defendant answers the plaintiff’s rebuttal.

IV. 1. Set off – A counter-claim demand which defendant holds against plaintiff, arising
out of a transaction extrinsic of plaintiff’s cause of action. Remedy employed by defendant
to discharge or reduce plaintiff’s demand by an opposite one arising from transaction which
is extrinsic to plaintiff’s cause of action. Edmonds v. Stratton, Mo.App., 457 S.W.2d 228,
232. A claim filed by a defendant against the plaintiff when sued and in which he seeks to
cancel the amount due from him or to recover an amount in excess of the plaintiff’s claim
against him. In equity practice it is commenced by a declaration in set-off, though under
rules practice (which merged law and equity) it has been displaced by the counterclaim.

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Fed.R.Civil P.13. The equitable right to cancel or offset mutual debts or cross demands,
commonly used by a bank in reducing a customer’s checking or other deposit account in
satisfaction of a debt the customer owes the bank.

2. Recoupment – to recover a loss by a subsequent gain. In pleading, to set forth a claim


against the plaintiff when an action is brought against one as a defendant. A keeping back
something which is due, because there is an equitable reason to withhold it. A right of the
defendant to have a deduction from the amount of the plaintiff’s damages, for the reason
that the plaintiff has not complied with the cross-obligations or independent covenants
arising under the same contract. It implies that plaintiff has cause of action, but asserts that
defendant has counter cause of action growing out of breach of some other part of same
contract on which plaintiff’s action is founded, or for some cause connected with contract.
The right of the defendant to have the plaintiff’s monetary claim reduced by reason of some
claim the defendant has against the plaintiff arising out of the very contract giving rise to
plaintiff’s claim. First Nat.Bank of Louisville v. Master Auto Service Corp., C.A.Va., 693
F.2d 308, 310. Unlike a counter claim, recoupment only reduces plaintiff’s claim; it does
not allow recovery of affirmative money judgment for any excess over that claim. Tuloka
Affiliates, Inc.V. Moore, 275 S.C.199, 268 S.E.2d 293, 295. Recoupment is a purely
defensive matter growing out of transaction constituting plaintiff’s cause of action and is
available only to reduce or satisfy plaintiff’s claim and permits of no affirmative judgment.
Schroeder v. Prince Charles, Inc., Mo., 427 S.W.2d 414, 419. Recoupment is the equivalent
of the old counterclaim in which a defendant sets up a claim owed to him by the plaintiff
though it need not arise out of the same transaction as the plaintiff’s claim and the defendant
may not recover more than the amount claimed by the plaintiff against him. Under rules
practice, recoupment has been replaced by the modern counterclaim.

3. Set-off distinguished: A “set-off” is a demand which the defendant has against the
plaintiff, arising out of a transaction extrinsic to the plaintiff’s cause of action, whereas a
“recoupment” is a reduction or rebate by the defendant or part of the plaintiff’s claim
because of a right in the defendant arising out of the same transcation. 4. Off-set – A
deduction; a counterclaim; a contrary claim or demand by which a given claim may be
lessened or cancelled. A claim that serves to counterbalance or to compensate for another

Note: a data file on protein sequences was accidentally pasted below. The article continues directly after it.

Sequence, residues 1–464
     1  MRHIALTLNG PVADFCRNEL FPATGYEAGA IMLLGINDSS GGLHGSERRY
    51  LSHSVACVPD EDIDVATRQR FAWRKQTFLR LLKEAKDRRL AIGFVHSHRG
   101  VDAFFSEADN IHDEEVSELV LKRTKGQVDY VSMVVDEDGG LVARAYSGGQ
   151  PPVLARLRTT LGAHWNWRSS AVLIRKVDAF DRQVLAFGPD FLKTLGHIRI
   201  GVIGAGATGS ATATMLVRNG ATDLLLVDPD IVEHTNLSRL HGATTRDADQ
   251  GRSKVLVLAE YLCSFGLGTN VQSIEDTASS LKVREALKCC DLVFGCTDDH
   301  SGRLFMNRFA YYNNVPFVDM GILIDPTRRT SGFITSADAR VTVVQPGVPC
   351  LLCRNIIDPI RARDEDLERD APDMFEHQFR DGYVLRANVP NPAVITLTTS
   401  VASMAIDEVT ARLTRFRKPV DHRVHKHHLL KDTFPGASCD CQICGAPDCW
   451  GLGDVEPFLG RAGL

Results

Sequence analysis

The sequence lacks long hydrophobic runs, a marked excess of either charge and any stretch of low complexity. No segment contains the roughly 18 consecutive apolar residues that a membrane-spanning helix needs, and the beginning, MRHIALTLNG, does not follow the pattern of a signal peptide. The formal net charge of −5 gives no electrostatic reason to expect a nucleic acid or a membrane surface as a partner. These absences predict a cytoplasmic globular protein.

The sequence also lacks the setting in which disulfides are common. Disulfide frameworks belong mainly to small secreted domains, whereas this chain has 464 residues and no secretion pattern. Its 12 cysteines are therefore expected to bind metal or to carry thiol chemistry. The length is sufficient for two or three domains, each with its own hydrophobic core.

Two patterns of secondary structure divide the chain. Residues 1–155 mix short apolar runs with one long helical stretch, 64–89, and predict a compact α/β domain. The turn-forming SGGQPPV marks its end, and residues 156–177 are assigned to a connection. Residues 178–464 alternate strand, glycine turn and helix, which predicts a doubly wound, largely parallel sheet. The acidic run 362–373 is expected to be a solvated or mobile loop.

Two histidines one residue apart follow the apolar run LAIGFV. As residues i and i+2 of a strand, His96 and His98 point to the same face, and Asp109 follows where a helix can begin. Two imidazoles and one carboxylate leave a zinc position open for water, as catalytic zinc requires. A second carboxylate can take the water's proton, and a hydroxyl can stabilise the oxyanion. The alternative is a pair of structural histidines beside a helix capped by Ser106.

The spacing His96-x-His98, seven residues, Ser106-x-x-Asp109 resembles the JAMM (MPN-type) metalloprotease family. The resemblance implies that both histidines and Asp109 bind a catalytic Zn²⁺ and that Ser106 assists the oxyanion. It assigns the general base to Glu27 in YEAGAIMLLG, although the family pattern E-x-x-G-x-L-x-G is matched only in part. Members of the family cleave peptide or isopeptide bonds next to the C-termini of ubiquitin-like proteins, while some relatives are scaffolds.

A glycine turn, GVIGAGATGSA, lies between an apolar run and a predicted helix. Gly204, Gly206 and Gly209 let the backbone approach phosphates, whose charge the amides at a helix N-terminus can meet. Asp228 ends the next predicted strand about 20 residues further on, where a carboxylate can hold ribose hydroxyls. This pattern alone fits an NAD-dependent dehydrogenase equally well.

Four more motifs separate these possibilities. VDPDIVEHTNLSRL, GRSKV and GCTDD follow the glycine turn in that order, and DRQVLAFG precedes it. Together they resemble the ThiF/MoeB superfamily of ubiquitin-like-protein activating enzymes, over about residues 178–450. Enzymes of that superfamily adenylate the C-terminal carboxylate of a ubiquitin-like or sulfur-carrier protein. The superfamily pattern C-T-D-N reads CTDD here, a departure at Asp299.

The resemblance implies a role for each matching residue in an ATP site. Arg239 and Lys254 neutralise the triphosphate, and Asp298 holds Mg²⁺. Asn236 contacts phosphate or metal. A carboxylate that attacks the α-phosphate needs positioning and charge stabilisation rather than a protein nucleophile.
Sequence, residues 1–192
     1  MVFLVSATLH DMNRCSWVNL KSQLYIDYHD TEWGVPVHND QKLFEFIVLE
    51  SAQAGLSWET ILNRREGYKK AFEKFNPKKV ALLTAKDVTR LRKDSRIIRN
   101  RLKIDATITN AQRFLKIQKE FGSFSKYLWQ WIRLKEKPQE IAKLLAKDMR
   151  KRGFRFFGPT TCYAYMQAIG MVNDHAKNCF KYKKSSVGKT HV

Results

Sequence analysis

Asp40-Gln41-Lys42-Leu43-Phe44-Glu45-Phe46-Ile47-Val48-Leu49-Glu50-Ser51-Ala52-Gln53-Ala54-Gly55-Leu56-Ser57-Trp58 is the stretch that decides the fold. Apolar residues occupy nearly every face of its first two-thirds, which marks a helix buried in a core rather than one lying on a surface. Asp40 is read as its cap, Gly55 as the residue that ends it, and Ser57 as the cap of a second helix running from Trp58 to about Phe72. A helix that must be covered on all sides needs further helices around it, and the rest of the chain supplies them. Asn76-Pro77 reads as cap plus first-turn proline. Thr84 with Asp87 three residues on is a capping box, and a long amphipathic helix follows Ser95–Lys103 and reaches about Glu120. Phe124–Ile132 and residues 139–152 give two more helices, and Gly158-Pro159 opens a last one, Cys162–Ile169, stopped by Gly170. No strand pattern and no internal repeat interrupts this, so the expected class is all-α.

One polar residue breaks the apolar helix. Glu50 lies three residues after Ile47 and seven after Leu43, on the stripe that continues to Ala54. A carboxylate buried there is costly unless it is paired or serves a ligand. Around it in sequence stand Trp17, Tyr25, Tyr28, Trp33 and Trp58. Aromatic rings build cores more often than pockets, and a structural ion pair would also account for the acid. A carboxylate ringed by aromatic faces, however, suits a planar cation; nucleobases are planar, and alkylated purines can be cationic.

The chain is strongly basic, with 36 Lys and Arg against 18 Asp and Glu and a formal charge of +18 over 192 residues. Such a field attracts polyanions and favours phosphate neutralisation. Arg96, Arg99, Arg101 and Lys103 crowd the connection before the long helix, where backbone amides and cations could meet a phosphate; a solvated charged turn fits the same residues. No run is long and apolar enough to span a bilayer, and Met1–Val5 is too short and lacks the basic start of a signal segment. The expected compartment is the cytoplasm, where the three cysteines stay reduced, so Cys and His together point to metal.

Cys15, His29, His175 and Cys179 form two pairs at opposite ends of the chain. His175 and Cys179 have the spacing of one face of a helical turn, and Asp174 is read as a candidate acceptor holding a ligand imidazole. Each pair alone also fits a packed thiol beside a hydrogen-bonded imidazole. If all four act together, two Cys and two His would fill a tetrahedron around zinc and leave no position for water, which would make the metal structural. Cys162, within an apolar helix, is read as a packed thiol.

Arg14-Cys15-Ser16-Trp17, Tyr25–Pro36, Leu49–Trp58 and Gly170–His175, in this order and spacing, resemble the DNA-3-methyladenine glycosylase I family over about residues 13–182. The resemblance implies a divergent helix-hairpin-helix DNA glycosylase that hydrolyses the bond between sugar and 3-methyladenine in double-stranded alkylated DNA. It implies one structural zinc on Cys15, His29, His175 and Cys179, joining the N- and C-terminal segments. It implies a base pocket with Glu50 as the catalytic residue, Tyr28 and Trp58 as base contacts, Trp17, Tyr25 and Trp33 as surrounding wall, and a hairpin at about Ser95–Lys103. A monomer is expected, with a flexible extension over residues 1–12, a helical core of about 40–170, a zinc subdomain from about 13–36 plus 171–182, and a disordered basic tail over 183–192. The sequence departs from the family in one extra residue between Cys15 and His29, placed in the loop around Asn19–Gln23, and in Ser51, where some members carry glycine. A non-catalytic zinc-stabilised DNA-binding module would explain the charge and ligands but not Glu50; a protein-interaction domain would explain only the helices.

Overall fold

claim. V. Order VIII Rule 1 of the Code of Civil Procedure Code is mainly relating to
written statement, set off and counter claim. Order VIII Rule 1 of the Code of Civil
Procedure envisages the filing of the written statement by the defendant within 30 days
from the date of service of summons on him. Without filing written statement, as per the
current Code of Civil Procedure, no defendant has got right to participate in the
proceedings. It is therefore, just and necessary to call the case on the 30 th day in the court
to verify as to whether the written statement is filed or not. If there is default, the Court has
to exercise its discretion to proceed ex parte, unless, the court itself intends to call upon the
defendant to file written statement under Order VIII Rule 9 of the Code of Civil Procedure.
Mechanically, without judicial application of mind, the matter should not be adjourned
beyond 30 days. On application filed by the defendant, time could be extended for filing
written statement up to 90 days; on the 90 th day, if no written statement is found filed, the

111
court without waiting for the plaintiff to make prayer to set exparte the defendant, should
proceed with the matter ex parte. If there is any application for further extension of time,
the same should be considered on merits, as per the dicta laid down by the Hon’ble Apex
Court in this regard. The following decisions of the Hon’ble Apex Court could fruitfully be
cited relating to filing of written statement. I. WRITTEN STATEMENT: (i) 2009 (3) SCC
513 (Mohammed Yusuf vs. Faij Mohammad and others) “4. The appellant filed an
application for grant of temporary injunction which was rejected on 28.1.2004. An appeal
was preferred there against which was disposed of by an order dated 14.05.2004. It is
neither in doubt nor in dispute that the respondent-defendants filed applications for
extension of time for filing written statement a number of times. The matter was also
adjourned on one ground or the other.

5. On or about 31.1.2005, the appellant also filed an application before the learned trial
Judge for pronouncing judgment in terms of Order 8 Rule 10 of the Code of Civil
Procedure, inter alia, on the premise that the respondent defendants did not file any written